Nations thrive when they develop “inclusive” political and economic institutions, and they fail when those institutions become “extractive” and concentrate power and opportunity in the hands of only a few.
“Inclusive economic institutions that enforce property rights, create a level playing field, and encourage investments in new technologies and skills are more conducive to economic growth than extractive economic institutions that are structured to extract resources from the many by the few,” they write.
In the case of Greece, economic institutions and other institutions such as social security and social partners were definitely not inclusive but extractive and this despite the fact that political institutions were inclusive.
The Greek political system up to 2009 was dominated by two parties and also exhibited one of the most polarized and divisive political cultures in Europe.
This may explain why political parties failed to introduce the much needed structural changes and protected extractive economic institutions that led at some point to the collapse of the Greek economy.
In order to understand how Greece has been trapped in stagnation as a result of its institutions’ failure I will try to answer two questions:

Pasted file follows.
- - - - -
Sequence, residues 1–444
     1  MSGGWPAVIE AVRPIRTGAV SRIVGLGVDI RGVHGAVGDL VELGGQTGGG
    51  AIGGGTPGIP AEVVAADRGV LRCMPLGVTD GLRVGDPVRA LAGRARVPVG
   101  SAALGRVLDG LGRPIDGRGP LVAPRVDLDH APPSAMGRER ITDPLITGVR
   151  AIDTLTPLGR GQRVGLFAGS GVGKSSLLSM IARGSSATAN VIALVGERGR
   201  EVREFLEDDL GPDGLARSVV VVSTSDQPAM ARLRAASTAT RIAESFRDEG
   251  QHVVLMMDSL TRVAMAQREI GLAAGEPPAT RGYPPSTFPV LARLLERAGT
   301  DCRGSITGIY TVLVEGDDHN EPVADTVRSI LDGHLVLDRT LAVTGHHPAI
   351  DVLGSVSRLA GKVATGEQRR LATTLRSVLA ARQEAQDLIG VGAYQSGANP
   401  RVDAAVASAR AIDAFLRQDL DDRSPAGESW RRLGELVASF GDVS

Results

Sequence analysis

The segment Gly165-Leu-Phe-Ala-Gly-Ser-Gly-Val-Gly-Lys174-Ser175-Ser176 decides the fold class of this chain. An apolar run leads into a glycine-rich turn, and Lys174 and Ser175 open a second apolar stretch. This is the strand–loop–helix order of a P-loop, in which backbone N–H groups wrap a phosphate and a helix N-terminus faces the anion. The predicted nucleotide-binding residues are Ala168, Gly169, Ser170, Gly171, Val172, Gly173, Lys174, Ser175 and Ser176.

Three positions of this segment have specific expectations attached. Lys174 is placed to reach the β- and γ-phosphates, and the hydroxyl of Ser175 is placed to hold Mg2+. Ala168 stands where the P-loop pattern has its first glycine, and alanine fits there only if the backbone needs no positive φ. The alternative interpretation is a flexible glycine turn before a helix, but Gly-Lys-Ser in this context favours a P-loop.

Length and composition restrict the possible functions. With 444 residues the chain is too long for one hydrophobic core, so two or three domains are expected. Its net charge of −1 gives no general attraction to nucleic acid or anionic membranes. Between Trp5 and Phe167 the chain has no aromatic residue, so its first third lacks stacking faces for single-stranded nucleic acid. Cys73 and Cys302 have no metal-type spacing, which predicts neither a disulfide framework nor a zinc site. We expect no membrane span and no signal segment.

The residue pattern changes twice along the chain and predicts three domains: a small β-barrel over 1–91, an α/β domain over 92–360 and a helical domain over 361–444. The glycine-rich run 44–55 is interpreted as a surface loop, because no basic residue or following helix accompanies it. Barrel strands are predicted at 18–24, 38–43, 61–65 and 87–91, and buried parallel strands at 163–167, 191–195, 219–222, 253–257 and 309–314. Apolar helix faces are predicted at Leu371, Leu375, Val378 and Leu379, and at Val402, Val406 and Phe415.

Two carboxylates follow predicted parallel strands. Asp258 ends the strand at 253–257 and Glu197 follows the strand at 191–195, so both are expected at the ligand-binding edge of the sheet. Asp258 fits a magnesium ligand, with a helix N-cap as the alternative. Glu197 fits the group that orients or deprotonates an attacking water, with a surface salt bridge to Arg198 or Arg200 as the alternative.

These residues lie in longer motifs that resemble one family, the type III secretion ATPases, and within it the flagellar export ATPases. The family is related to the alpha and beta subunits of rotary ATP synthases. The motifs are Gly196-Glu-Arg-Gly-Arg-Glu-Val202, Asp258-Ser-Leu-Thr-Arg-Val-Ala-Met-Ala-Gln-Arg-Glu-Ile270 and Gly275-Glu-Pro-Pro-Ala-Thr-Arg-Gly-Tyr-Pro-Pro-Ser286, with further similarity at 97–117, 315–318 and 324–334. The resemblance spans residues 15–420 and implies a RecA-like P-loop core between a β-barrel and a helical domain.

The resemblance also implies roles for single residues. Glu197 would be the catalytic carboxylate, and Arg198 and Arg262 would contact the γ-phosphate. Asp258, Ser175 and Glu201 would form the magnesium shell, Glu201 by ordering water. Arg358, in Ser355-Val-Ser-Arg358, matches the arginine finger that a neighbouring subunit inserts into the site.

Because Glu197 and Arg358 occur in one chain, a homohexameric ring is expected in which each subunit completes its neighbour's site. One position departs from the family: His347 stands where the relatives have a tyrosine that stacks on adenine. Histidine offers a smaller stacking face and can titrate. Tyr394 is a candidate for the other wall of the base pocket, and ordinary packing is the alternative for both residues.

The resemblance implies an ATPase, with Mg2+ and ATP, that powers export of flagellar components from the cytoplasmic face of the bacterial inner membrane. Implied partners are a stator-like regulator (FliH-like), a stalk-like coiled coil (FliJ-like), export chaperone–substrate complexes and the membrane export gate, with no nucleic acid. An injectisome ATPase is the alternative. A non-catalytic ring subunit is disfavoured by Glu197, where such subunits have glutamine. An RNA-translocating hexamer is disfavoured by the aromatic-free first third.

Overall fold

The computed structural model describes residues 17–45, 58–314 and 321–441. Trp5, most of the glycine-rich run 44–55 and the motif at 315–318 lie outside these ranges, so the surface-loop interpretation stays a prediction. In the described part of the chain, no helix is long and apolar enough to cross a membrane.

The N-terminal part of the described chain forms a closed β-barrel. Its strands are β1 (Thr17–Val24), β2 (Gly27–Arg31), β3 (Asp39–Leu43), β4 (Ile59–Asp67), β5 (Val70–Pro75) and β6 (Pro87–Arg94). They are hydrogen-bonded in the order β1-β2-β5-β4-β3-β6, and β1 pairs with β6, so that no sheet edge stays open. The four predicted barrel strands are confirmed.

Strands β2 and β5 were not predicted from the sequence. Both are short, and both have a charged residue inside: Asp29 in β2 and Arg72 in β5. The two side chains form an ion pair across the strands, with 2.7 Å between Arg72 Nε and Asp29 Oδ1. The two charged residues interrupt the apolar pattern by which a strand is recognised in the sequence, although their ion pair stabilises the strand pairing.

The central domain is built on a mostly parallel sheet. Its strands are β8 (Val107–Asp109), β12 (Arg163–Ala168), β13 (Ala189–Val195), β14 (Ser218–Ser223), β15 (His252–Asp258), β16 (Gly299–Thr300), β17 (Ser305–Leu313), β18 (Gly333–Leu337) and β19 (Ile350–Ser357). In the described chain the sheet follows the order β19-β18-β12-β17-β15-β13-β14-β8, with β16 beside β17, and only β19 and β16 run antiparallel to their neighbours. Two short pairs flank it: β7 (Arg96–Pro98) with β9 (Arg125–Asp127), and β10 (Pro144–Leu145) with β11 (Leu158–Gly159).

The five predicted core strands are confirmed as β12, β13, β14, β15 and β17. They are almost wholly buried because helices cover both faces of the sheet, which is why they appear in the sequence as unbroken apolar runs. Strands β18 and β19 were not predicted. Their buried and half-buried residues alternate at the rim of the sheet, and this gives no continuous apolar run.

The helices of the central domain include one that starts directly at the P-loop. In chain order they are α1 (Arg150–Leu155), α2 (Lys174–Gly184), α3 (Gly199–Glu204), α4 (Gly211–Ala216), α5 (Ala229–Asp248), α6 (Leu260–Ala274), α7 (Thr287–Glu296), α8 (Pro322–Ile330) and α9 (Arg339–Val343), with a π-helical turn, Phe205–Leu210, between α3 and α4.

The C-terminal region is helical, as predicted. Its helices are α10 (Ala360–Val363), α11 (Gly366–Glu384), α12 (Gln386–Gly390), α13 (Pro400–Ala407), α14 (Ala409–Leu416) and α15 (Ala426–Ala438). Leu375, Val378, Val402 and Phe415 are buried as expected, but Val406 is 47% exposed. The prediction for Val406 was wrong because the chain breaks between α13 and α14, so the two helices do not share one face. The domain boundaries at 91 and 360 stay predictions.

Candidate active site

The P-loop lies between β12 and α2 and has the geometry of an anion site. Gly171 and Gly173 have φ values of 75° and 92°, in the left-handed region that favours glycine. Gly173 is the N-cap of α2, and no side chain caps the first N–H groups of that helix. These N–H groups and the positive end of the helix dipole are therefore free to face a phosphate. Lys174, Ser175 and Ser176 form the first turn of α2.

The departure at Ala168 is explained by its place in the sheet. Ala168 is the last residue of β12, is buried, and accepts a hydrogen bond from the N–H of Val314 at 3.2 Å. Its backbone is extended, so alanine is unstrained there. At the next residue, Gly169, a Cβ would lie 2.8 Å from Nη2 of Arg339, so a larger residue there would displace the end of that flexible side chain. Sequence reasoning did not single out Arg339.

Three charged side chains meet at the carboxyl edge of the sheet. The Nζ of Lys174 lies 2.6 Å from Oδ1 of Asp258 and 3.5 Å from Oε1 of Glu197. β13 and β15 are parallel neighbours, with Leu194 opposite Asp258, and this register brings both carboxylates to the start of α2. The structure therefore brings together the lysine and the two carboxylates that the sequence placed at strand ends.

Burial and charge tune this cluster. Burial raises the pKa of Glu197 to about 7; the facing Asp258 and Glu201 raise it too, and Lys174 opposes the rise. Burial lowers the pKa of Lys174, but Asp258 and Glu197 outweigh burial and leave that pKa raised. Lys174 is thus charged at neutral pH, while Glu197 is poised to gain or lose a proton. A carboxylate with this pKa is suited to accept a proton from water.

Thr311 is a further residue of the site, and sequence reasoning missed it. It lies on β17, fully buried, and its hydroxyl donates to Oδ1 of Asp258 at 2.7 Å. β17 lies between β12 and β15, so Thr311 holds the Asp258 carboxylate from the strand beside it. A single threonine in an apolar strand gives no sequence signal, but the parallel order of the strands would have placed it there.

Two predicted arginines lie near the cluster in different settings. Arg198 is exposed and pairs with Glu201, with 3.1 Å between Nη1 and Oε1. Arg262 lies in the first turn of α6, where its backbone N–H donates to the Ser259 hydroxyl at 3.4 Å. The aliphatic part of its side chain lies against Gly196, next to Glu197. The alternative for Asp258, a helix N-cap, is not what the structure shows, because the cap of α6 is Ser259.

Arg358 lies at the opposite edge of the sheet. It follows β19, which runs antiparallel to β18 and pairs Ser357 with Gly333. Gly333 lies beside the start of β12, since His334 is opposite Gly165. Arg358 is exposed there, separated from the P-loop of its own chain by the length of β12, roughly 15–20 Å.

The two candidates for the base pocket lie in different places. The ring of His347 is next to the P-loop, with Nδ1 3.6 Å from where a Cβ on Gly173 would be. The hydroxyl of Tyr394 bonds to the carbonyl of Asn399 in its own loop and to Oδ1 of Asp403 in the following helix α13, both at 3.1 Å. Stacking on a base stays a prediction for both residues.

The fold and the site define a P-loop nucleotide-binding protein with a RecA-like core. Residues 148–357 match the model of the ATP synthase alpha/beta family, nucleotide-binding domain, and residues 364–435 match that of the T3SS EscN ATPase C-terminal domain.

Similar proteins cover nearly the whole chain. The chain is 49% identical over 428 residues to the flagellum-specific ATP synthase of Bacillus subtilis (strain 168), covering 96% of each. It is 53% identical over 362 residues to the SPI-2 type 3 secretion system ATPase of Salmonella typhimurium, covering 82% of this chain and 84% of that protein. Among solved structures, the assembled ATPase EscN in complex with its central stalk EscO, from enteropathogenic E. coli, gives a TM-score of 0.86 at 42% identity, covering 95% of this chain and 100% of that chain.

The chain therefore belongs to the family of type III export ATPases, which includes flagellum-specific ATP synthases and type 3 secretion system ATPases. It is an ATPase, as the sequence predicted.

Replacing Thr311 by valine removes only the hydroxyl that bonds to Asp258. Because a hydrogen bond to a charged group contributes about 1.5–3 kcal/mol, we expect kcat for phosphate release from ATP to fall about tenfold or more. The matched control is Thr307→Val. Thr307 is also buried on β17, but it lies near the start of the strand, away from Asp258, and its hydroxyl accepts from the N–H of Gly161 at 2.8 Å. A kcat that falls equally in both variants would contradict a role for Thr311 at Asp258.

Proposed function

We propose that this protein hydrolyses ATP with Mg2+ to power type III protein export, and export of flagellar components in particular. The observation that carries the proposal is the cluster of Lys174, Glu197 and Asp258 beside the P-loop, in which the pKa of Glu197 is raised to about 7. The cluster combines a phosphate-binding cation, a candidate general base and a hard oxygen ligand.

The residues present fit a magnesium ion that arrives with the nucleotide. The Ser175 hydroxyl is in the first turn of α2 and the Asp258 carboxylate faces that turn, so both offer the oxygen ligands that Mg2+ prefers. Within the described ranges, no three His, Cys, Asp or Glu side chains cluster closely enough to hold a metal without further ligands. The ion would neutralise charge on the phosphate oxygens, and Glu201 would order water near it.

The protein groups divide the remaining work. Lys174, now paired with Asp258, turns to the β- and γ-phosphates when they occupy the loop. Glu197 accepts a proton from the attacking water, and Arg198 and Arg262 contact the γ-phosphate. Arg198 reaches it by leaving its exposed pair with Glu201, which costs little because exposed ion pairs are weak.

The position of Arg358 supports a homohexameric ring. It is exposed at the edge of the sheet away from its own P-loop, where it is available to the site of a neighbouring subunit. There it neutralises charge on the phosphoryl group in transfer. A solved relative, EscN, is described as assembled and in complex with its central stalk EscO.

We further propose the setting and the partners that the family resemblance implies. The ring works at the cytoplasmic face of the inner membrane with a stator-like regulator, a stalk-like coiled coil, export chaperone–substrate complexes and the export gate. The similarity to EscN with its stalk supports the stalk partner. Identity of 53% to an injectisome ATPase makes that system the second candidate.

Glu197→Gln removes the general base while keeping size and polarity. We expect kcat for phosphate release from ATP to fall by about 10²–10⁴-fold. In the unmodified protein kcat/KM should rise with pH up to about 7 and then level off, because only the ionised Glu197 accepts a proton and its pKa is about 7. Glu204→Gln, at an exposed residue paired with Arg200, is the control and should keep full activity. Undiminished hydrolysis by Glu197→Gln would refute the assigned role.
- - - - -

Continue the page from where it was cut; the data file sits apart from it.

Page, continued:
1) How did Greece manage in 2009 to be in such an economic mess nine years after joining the European Monetary Union; and
2) Why is Greece the only Eurozone country that is still under a programme and trapped in a recession for more than eight years?
Let me start with the first question.
Almost 20 years ago, a significant majority of Greek economists and the major political parties came to the conclusion that it would be to the benefit of Greece to join Economic and Monetary Union.
They did understand at the time that there was an urgent need to introduce politically-difficult structural changes. Their expectation was that by joining the EMU Greece would be keen to introduce the necessary changes through peer pressure.